Maiden manoeuvres from ALE
By Euan Youdale01 September 2011
ALE used its 20 tonne per square metre ALE 300 barge for the first time during the transport of two 830 tonne de-methaniser vessels in the UAE.
The 98 m long de-methaniser vessels, part of the Integrated Gas Development Project in Abu Dhabi, UAE were transported by sea from Mina Zayed Port to Ruwais and onwards by land to the Habshan 5 Process Plant.
ALE received the two vessels at Mina Zayed Port using two self-propelled modular transporters (SPMT) in 4-file, 12-axle and 4-file, 14-axle split trailer configurations. Measuring 98 x 8.5 x 8 m (L/W/H), they the largest vessels to have been handled at the port. Each vessel was lashed down, then loaded out directly to the ALE 300 barge and lashed and secured to the barge.
"A special feature of ALE 300 is its above-standard deck loading capacity of 20 tonne per square metre," commented Richard Peckover, ALE executive director Middle East. "This maximises load capacity and minimises load spreading requirements, setting a new standard for efficiency in barge loading operations."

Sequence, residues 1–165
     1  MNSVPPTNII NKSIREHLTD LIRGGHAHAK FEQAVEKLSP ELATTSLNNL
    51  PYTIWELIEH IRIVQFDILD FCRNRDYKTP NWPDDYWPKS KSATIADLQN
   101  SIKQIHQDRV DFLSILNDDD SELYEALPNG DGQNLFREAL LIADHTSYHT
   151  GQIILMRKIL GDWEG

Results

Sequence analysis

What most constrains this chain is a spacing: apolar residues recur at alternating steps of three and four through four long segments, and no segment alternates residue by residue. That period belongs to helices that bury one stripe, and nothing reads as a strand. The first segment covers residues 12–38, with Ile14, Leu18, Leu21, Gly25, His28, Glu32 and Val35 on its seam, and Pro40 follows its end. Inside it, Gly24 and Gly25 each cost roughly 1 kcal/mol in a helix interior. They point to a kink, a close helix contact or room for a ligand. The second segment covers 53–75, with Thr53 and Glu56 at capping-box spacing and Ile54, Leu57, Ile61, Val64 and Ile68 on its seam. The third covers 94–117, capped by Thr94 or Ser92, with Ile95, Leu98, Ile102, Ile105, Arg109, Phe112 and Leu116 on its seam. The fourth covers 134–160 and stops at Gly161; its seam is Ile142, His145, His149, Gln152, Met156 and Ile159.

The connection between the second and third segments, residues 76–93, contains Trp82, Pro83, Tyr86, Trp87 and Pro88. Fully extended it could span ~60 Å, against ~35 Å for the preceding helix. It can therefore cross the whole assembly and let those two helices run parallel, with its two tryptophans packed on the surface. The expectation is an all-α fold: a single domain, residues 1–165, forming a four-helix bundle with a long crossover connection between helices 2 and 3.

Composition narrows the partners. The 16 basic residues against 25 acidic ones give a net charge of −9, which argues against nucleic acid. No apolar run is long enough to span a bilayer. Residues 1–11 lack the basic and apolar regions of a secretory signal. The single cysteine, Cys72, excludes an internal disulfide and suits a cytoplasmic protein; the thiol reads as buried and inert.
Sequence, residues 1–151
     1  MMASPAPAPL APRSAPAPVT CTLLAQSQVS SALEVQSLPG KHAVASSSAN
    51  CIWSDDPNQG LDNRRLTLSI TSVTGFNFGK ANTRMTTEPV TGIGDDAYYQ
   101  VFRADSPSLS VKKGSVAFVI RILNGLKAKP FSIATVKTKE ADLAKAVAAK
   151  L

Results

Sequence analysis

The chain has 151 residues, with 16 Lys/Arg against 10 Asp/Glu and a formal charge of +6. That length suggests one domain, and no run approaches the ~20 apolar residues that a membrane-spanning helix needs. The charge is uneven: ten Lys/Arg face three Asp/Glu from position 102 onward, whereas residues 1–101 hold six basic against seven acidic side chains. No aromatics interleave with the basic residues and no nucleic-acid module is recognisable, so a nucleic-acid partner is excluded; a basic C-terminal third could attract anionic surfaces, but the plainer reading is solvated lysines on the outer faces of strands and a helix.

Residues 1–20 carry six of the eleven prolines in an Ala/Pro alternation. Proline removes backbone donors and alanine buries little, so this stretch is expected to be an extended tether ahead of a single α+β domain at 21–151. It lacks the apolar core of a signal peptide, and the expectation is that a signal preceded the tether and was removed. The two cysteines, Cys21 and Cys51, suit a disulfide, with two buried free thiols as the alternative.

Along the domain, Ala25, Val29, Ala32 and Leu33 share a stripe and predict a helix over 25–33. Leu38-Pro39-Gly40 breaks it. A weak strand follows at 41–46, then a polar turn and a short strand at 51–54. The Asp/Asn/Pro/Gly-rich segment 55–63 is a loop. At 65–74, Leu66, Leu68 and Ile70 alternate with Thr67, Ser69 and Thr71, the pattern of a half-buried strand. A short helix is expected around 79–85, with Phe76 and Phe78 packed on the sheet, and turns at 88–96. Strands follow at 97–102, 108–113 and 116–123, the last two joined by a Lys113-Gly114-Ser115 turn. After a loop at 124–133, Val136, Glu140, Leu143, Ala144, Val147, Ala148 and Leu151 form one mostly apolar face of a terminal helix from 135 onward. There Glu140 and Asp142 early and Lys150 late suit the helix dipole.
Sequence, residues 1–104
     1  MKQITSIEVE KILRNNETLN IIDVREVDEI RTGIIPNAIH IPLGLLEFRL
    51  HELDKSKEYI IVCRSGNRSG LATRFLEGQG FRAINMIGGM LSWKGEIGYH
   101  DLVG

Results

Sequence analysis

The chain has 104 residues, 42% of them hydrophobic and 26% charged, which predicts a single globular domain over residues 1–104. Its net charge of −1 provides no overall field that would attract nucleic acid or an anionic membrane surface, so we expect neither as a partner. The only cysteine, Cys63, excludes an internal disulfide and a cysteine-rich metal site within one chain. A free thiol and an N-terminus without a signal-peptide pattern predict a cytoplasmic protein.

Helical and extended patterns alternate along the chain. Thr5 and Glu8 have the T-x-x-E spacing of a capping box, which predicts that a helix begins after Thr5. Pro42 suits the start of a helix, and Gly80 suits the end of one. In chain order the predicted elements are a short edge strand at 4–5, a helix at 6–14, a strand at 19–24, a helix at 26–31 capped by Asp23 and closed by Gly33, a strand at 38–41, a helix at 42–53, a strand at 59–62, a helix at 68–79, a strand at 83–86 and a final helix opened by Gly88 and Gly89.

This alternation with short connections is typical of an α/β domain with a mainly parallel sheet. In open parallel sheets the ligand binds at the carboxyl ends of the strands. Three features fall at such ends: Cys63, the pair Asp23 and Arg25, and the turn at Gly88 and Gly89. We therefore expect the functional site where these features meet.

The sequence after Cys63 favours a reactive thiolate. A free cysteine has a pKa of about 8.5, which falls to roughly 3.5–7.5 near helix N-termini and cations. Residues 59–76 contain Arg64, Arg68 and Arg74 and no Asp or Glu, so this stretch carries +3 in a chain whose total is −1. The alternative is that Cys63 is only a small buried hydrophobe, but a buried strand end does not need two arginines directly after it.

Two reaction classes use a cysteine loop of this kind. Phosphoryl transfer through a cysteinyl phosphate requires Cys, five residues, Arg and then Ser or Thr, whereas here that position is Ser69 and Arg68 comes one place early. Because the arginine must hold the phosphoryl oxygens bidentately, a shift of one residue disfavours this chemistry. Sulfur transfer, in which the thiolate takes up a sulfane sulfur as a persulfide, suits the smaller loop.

Following load-in at the Ruwais Industrial Area Services Harbour, the de-methaniser vessels underwent a 'jack and pack' operation. Using the SPMTs' integral jacking stroke, each vessel was jacked up from 1.6 m under the saddles to 3.1 m to change to a bolster, or turn table configuration. The SPMTs were then fitted with heavy-duty bolster turn tables and load spreading for land transportation along Highway E11.
"Transporting the vessels from Ruwais to the first parking area 12 km from the city required a purpose-built road, which was constructed in coordination with Ruwais authorities, as well as a purpose-built section of the central reservation on the highway," said Cameron Waugh, ALE general manager. "Once we reached the first parking area we then had to change the SPMTs to a split trailer configuration to meet Department of Transport guidelines for the remainder of the journey along the highway."
The 100 km journey to Habshan took seven nights and required ALE to negotiate road works, bypasses, overhead gantries and sign boards. On reaching the final parking area, the transport configuration was changed back to a bolster configuration to meet site access restrictions and manoeuvring requirements for the remaining 20 km.
"The final transport through the site, in coordination with Abu Dhabi Critical National Infrastructure Authority, was conducted in daylight hours with a total of three kilometres negotiated along a purpose-built route to the delivery position and foundation," said Cameron .